ThePipingMart Blog Metals S7 Tool Steel vs 4140 – What’s the Difference

S7 Tool Steel vs 4140 – What’s the Difference

S7 Tool Steel vs 4140

If you are looking for tool steel for your next project, you may have come across two common options: s7 tool steel and 4140. But what is the difference between these two metals, and which one should you choose? Let’s take a closer look.

What is S7 Tool Steel?

S7 tool steel is often referred to as shock-resistant steel because it has been designed to resist impacts and shocks from heavy use. It is a high-carbon, air-hardening steel with excellent toughness and wear resistance. Due to its high carbon content, it can be heat treated to achieve maximum hardness levels of up to 55 HRC. It also has good machinability and polishing characteristics, making it ideal for applications such as punches, dies, chisels, shear blades, and other cutting tools that require a high level of shock resistance.

What is 4140?

4140 is a chromium-molybdenum alloy steel that has excellent strength and toughness properties. It also features good wear resistance thanks to its higher carbon content compared to other steels in this class. Its tensile strength ranges from 86 ksi (586 MPa) up to 125 ksi (862 MPa), depending on the heat treatment applied. This makes it well-suited for a variety of applications, including gears, shafts, axles, bolts, and studs. Additionally, like s7 tool steel, it can be heat treated for maximum hardness levels up to 55 HRC.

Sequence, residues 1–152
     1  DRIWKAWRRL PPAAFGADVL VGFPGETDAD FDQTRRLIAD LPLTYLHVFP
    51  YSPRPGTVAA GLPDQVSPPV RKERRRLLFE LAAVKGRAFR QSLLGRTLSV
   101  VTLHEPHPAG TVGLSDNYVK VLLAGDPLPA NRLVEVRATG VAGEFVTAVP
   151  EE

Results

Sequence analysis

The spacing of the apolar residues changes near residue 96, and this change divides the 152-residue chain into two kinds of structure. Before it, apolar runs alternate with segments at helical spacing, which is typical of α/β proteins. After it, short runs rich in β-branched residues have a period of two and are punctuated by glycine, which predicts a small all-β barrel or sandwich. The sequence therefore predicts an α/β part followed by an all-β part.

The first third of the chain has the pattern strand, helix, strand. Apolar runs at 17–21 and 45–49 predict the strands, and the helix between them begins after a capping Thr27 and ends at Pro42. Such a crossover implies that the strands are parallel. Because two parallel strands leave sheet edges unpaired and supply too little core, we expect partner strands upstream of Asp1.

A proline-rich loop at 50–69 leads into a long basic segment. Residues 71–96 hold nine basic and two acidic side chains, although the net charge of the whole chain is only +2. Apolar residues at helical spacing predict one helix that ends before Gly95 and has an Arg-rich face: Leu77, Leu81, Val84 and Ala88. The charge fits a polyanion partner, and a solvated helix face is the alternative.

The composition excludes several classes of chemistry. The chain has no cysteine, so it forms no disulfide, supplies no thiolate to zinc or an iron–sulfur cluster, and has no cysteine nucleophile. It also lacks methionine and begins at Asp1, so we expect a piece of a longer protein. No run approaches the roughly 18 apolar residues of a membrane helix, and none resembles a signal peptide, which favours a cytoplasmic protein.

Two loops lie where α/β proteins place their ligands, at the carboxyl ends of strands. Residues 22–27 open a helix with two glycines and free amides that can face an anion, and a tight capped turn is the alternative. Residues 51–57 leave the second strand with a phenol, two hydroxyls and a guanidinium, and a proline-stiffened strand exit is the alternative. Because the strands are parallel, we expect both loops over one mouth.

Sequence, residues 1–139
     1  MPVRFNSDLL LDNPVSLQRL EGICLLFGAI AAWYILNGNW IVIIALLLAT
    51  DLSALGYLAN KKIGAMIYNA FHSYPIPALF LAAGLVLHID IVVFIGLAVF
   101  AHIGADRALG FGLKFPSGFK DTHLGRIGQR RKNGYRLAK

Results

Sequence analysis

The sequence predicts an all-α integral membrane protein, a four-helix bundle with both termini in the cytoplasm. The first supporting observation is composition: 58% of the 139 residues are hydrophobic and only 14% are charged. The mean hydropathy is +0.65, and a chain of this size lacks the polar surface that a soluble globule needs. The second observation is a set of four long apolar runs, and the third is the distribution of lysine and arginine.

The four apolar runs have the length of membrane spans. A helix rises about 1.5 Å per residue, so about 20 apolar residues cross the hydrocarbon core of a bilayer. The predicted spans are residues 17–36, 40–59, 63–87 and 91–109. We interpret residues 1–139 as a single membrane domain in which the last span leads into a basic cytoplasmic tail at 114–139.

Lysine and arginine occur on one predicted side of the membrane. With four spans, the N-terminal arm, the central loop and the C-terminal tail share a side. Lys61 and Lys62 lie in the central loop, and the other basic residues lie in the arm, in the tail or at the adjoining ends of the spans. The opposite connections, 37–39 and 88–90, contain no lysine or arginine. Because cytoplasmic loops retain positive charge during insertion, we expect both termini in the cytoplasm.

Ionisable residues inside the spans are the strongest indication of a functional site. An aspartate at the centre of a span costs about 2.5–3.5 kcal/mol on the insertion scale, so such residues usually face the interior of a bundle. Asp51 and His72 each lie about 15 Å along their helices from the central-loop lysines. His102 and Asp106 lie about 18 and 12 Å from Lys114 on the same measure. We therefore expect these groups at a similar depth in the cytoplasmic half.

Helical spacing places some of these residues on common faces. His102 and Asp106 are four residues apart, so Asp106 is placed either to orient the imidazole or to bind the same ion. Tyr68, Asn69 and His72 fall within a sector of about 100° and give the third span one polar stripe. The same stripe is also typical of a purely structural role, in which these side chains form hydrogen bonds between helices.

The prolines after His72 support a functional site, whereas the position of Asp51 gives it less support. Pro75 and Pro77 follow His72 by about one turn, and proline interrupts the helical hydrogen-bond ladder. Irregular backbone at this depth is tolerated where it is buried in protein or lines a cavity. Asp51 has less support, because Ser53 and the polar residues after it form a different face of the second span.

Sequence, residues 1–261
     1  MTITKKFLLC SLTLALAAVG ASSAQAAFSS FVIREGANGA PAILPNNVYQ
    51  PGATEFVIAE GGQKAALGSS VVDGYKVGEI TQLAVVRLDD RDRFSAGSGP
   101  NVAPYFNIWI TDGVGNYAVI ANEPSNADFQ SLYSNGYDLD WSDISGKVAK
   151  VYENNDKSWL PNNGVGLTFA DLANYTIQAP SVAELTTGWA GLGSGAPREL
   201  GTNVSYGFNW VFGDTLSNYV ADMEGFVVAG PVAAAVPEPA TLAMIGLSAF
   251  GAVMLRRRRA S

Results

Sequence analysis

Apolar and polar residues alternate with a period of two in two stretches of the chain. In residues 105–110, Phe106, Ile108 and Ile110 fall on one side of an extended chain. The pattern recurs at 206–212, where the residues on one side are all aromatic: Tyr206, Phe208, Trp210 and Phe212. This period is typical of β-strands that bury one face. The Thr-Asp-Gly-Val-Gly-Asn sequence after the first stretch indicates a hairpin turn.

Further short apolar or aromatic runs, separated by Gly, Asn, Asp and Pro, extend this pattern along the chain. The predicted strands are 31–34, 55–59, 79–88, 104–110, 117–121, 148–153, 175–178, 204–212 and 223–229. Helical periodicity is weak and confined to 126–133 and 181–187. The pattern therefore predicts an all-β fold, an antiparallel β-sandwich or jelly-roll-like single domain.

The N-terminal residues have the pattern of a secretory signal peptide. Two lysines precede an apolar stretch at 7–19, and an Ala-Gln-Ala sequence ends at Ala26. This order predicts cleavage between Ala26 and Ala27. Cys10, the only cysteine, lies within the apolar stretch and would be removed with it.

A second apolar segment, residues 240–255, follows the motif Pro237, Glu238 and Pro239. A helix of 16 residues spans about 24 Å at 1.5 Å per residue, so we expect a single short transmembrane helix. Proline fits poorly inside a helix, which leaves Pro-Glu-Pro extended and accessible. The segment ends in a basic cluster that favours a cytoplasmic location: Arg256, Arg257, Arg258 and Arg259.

Difference Between s7 tool steel and 4140

  • S7 tool steel is a type of shock-resistant air-hardening steel.
  • 4140 is a chromium-molybdenum alloy steel.
  • S7 tool steel is more resistant to shock and vibration than 4140.
  • S7 tool steel has a higher carbon content than 4140, which gives it better hardening properties.
  • S7 tool steel also has a higher chromium content than 4140, which gives it better corrosion resistance.


Both s7 tool steel and 4140 are great options when you need a tough material that can withstand extreme temperatures or heavy impacts. The main differences between them are their composition (s7 has more carbon than 4140) and their mechanical properties (s7 is tougher while 4140 has better wear resistance). Ultimately the best choice will depend on the specific application you need the metal for; however, both metals offer excellent performance in terms of strength, toughness and wear resistance, so either one would be suitable for most projects. When in doubt, consult with an experienced metalworking professional at your local supplier who can advise you on which option would work best for your needs.

Related Post